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TM 9-8000
is available, the adjusting lever will engage the next tooth
(2) The pivot point of the bell crank is moved in
on the star wheel. The brakeshoes re- tract and the
the direction of rotation.
cable slackens as the brakes are released. The return
spring then helps force the adjusting lever downward,
(3) The lever moves up on the star wheel
which rotates the star wheel and therefore expands the
through the connection of the linkage. If enough
brakeshoes. In the reverse direction, the toe of the
clearance Is available between the brakeshoes and
primary shoe is forced against the anchor and the
drum, the lever will engage an- other tooth on the star
secondary shoe moves around to tighten the adjusting
wheel. As the brakes are released, the shoes retract and
cable. The adjusting process then is completed.
the return spring helps force the adjusting lever down,
therefore rotating the star wheel and expanding the
b. Link Type. The link-type self-adjusting system (B,
adjusting  screw  to  remove  excess  shoe-to-drum
fig. 34-10) uses solid linkage rods to connect the
adjusting lever to the stationary anchor point. The
adjuster is operated by the two linkage rods connected
c. Lever Type. The lever-type self-adjusting system
together by a bell crank, which pivots on the secondary
(C, fig. 34-10) is similar to the link type, In that it operates
brakeshoe. One rod attaches to the anchor point and the
in the reverse direction only. While the link-type system
bell- crank, while the other rod connects the bell crank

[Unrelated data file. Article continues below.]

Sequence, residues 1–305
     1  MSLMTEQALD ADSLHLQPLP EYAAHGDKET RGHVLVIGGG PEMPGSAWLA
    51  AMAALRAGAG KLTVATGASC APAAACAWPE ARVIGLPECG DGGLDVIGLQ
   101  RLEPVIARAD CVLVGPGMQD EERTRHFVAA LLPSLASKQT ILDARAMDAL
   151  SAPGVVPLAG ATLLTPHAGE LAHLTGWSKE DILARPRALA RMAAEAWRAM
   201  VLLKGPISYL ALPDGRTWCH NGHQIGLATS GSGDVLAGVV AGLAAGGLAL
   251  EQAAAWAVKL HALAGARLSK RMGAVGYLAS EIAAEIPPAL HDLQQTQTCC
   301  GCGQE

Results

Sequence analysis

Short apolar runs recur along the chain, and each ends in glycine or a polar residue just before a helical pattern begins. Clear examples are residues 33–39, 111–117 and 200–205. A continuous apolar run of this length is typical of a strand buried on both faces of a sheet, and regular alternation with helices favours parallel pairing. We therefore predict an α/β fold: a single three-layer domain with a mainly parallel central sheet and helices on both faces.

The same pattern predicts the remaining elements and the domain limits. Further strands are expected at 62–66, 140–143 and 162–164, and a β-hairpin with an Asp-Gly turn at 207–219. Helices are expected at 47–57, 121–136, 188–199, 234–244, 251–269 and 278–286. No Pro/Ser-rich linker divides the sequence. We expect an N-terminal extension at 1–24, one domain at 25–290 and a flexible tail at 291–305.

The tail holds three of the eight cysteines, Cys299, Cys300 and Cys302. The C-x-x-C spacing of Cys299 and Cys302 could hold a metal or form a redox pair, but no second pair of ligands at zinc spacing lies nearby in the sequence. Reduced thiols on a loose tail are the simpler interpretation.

uses linkage rods to perform the self-adjusting process,
and the adjusting lever. In this configuration, the self-
the lever type uses a stamped metal lever to engage the
adjuster works only in the reverse direction. As the
star wheel and an actuating link to connect to the anchor
vehicle is backing up and the brakes are applied, the
pin. The adjusting process is the same as the link-type
adjusting process Is as follows:
(1) The secondary shoe moves away from the
anchor because of the self-energizing action.
frictional surface for the rotor to engage during braking.
34-13. General. The disk brake system (fig. 34-11) is
another form of brake system used in many modern
a. Operating Principles. The disk brake, like the
vehicles. Like the drum system, the disk brake system is
drum brake assembly, is operated by pressurized
operated hydraulically and has rotating and nonrotating
hydraulic fluid. The fluid, which is routed to the calipers
components. Disk brakes can be used on all four wheels
through steel lines and flexible high-pressure hoses,
or they can be mounted on the front wheels and used in
develops its pressure in the master cylinder. Once the
conjunction with drum brakes, which are mounted in the
brake pedal is depressed, fluid enters the caliper and
rear. These configurations are very popular because the
begins to force the piston(s) outward. This outward
disk system is a very efficient brake system, it stays cool
movement forces the brake pads against the moving
due to its open design, and is less prone to brake fade.
rotor. Once this point is reached, the braking action
The rotating member is in the form of a heavy round-
begins. The greater the fluid pressure exerted on the
shaped disk. The disk or rotor Is attached to the wheel
piston(s) from the master cylinder, the tighter the brake
assembly and may be a solid or vented construc- tion.
pads will be forced against the rotor. This increase in
The disk may be an Integral part of the hub or
pressure also will cause an increase in braking effect. As
detachable from the hub by the use of bolts. The clamp
the pedal is released, pressure diminishes and the force
assembly or caliper is the stationary member in the
on the brake pads is reduced. This allows the rotor to
system and usually is mounted to the spindle or splash
turn more easily. Some calipers allow the brake pads to
shield to provide support. The caliper is fitted with one or
rub lightly against the rotor at all times in the released
more pistons that are actuated hydraulically by the fluid
position. Another design uses the rolling action of the
pressure developed in the brake system. Brake pads are
designed to fit into the caliper and provide the


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